In fact, they even hired Swedish death metal band In Flames to appear on their recent album, 'Immersion.' "We didn't think they'd be into it but luckily they had heard some of our stuff from the last album and really liked it. They got on board straight away. We had three death metal guys sitting in the back of our trailer before we knew it."
After spending his youth in metal bands, Swire eventually discovered drum'n'bass and spent his subsequent years behind the decks as a DJ until, that is, he grew restless. "I became quite bored," he says. "It was becoming tiring, really, so I decided that I wanted to do something live again. And suddenly, in 2005, the technology was available to do it."
Pendulum's first album, 2005's 'Hold Your Colour,' was a massive breakthrough, one of the first albums to merge vocals and electro synths with drum'n'bass kick drums. 'Hold Your Colour' eventually helped bring electronic music back into the North American mainstream, but some d'n'b purists scorned the sound, labeling it "clownstep."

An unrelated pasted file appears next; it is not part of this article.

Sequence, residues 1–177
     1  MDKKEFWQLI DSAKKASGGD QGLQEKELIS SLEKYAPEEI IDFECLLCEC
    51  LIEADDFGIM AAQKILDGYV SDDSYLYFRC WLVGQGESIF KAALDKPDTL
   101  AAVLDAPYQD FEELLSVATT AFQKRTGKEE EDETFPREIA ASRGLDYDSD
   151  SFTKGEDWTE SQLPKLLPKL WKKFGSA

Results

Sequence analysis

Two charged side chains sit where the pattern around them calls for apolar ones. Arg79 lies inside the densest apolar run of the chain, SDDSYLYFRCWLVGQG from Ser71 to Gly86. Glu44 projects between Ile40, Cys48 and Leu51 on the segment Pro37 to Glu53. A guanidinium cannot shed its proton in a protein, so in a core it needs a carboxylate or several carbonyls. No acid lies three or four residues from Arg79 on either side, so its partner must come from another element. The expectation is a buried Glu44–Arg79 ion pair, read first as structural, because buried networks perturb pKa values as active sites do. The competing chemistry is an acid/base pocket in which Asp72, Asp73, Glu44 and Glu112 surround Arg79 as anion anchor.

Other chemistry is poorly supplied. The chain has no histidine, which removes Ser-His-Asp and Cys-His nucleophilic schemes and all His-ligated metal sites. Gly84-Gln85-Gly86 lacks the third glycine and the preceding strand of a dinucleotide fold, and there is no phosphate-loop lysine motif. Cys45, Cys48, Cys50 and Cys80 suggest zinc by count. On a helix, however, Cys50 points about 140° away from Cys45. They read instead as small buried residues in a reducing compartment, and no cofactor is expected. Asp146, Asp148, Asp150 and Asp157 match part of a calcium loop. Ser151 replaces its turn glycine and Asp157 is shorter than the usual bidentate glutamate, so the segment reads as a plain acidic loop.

Swire considers the alienation factor, which, even now, still plagues the band, claiming, "we just want to make music that we'd like to hear ourselves. If we lose fans, it's terrible, but I think we gain as many as we lose."
Pendulum is currently touring their new album, opening for Linkin Park. Not an obvious fit, as audience reaction in major cities like New York was fairly weak, but Swire admits that they were sort of prepared for that.
"North America still doesn't really get the electronic rock thing, but we've booked all the major UK metal festivals and even opened for Iron Maiden."